In a Washington Post commentary that he co-wrote in December with Virginia Gov. Ralph Northam (D), Gov. Lawrence J. Hogan Jr. (R) argued that states must take the lead in fighting climate change because the Trump administration won’t acknowledge the danger and the federal government is so dysfunctional.
“Our most important job as governors is ensuring the safety of our constituents,” the governors wrote. “So when we face a threat to people’s livelihood and way of life, showing leadership means acknowledging the risk and addressing it. Climate change hits Democrats and Republicans alike, and we need to work together, despite our differences, to stop it.”
Since the two governors published the op-ed, both houses of the Nevada legislature unanimously passed a bill to require electric utilities to use 50 percent renewable energy by 2030 and sets a 100 percent goal by 2050. Gov. Steve Sisolak (D) signed it into law on Earth Day.
Also on Earth Day, the Washington state legislature passed a measure that ensures the state will use 100 percent clean electricity by 2045. Gov. Jay Inslee, a Democratic candidate for president, signed the bill into law last week.
And in New Mexico earlier this year, the legislature passed a bill establishing a 100 percent clean energy target by 2045 – and the Public Service Company of New Mexico, the leading electric utility, announced it would transition its own power generation to 100 percent clean energy by 2040 – five years sooner than the state’s deadline.
Now, according to the Chesapeake Climate Action Network, one in five Americans live in states or cities that have committed to 100 percent clean energy usage.
Is Maryland ready to join that company?
With these developments as a backdrop, the spotlight returns to Hogan, and whether he will sign the Clean Energy Jobs Act, legislation that would establish a 50 percent renewable portfolio standard for electric utilities by 2030.
As they fan out across the state trying to pressure Hogan into signing the legislation, carrying signs that say “Sign it for the climate,” environmental groups, clean energy advocates and green lawmakers view the governor’s recent Post piece as written evidence that he ought to back the bill – and suggest that if he vetoes it, he was overstating his commitment to combating climate change in print.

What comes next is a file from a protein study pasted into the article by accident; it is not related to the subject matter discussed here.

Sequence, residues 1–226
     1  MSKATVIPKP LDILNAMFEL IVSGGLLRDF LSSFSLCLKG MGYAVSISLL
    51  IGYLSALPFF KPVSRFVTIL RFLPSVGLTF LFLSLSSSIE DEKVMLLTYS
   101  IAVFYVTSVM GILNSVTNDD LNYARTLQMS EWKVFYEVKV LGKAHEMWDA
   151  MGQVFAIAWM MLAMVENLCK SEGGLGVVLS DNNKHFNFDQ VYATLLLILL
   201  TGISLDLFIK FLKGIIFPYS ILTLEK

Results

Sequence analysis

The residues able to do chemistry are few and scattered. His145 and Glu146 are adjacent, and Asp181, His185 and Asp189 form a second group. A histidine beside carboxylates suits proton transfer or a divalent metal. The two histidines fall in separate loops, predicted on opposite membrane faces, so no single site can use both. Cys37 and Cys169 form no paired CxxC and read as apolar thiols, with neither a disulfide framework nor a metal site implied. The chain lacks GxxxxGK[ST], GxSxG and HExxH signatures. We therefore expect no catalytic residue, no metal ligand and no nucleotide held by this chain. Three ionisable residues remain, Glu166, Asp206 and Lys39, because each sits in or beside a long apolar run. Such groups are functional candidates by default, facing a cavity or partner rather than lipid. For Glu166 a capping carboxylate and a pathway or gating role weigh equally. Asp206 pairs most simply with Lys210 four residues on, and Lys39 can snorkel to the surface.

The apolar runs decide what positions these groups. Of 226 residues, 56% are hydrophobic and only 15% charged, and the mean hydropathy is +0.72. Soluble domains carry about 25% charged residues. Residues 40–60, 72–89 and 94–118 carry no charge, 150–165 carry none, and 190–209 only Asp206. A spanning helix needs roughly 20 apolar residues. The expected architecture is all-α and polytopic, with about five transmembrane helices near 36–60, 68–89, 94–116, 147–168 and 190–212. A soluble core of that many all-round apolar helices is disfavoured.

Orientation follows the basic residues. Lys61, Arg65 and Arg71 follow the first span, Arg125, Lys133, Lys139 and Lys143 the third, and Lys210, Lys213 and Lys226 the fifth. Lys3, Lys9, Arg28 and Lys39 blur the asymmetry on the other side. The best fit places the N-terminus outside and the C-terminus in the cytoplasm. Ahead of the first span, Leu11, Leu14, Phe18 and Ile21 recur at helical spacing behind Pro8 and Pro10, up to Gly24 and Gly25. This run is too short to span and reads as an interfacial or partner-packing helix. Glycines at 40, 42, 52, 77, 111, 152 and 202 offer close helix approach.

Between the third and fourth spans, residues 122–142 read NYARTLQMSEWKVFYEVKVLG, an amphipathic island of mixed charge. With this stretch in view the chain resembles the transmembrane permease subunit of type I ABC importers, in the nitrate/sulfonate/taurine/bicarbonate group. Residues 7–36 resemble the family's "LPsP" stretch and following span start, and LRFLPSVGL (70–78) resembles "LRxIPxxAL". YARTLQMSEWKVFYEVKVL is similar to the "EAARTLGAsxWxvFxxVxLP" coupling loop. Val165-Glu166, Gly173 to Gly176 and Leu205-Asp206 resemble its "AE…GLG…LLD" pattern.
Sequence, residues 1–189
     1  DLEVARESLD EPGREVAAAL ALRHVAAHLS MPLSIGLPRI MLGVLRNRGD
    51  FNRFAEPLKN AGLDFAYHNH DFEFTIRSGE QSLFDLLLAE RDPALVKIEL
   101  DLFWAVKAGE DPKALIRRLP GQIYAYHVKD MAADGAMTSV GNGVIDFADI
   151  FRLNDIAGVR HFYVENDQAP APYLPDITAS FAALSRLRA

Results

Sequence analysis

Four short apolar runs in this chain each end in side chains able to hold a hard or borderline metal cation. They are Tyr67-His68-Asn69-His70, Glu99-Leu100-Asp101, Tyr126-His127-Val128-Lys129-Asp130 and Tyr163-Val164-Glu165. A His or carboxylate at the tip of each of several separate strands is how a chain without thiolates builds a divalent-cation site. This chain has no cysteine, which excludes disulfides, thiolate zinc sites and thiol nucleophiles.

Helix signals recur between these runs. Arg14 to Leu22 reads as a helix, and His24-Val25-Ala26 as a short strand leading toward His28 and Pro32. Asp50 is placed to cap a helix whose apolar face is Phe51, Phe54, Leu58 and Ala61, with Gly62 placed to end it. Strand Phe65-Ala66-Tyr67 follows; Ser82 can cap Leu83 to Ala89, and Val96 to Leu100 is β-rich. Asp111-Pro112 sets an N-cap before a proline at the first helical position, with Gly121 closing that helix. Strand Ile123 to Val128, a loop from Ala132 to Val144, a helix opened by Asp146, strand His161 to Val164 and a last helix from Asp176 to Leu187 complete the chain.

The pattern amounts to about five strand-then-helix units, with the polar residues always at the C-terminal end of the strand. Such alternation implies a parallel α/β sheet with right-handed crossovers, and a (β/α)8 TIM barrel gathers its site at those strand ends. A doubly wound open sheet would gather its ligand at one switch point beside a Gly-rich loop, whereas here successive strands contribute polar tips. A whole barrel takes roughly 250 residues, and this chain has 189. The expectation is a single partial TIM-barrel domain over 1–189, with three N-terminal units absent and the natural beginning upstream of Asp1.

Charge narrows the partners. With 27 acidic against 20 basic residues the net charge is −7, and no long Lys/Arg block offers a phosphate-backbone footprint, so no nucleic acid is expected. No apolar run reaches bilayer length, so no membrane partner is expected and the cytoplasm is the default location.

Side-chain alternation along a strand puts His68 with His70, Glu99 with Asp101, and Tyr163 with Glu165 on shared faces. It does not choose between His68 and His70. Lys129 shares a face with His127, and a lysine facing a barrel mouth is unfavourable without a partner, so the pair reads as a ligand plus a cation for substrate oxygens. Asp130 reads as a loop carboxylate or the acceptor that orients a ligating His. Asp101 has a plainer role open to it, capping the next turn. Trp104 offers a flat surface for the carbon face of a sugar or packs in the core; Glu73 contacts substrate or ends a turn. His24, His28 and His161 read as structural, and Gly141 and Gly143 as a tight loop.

Signing the measure “is completely consistent with the op-ed he wrote in The Washington Post,” said Sen. Brian J. Feldman (D-Montgomery), sponsor of the Clean Energy Jobs Act.
Jamie DeMarco, a state-level carbon pricing coordinator for the Citizens Climate Lobby who rode his bike from Annapolis to Frederick last week to raise about the legislation, put a slightly harder edge on the equation.
“We’re trying to separate sincerity from spin,” he said. “We don’t want our governors spinning us in Maryland. The only things that should be spinning are bicycles and windmills.”
Steven P. Chan, a solar energy system designer with New Energy Equity, made a direct appeal to Hogan, equating the fight against climate change with Hogan’s battle against cancer.
“You have overcome a lot of obstacles in your life,” he said during a rally last week. “I’m telling you that this is that sort of challenge.”
With about 10 days left to decide the fate of the Clean Energy Jobs — he can sign it, veto it, or let it become law without his signature — Hogan is still pondering his options, a spokesman said in an email.
“Governor Hogan is proud of Maryland’s commitment to environmental stewardship, and he is giving this legislation the thoughtful consideration it deserves,” said Michael Ricci, Hogan’s communications director.
The Hogan administration regularly promotes its environmental record, which includes joining a bipartisan coalition of states committed to matching or exceeding the greenhouse gas reduction goals of the international Paris climate agreement; taking a leadership role in the Regional Greenhouse Gas Initiative; and multiple measures to improve the health of the Chesapeake Bay.
But supporters of the clean energy legislation are well aware that Hogan vetoed a bill in 2016 requiring electric utilities to get one-quarter of their energy supply from renewable fuels. The legislature overrode the veto in 2017, and that 25 percent RPS standard has been in place since then.
In his first term, Hogan shied away from measures that would have led to tax increases or higher utility bills for consumers. And allies said he is aware that the process to pass the Clean Energy Jobs Act this year was messy and that some environmentalists aren’t completely happy with the bill.
But supporters of the clean energy bill hope that without having to worry about reelection, Hogan will embrace the measure even with modest increases on consumers’ utility bills — estimated at about $1.50 a month per household. And they argue that the global debate and scientific evidence on climate change have changed drastically since 2016.
“The world is on fire,” Chan said.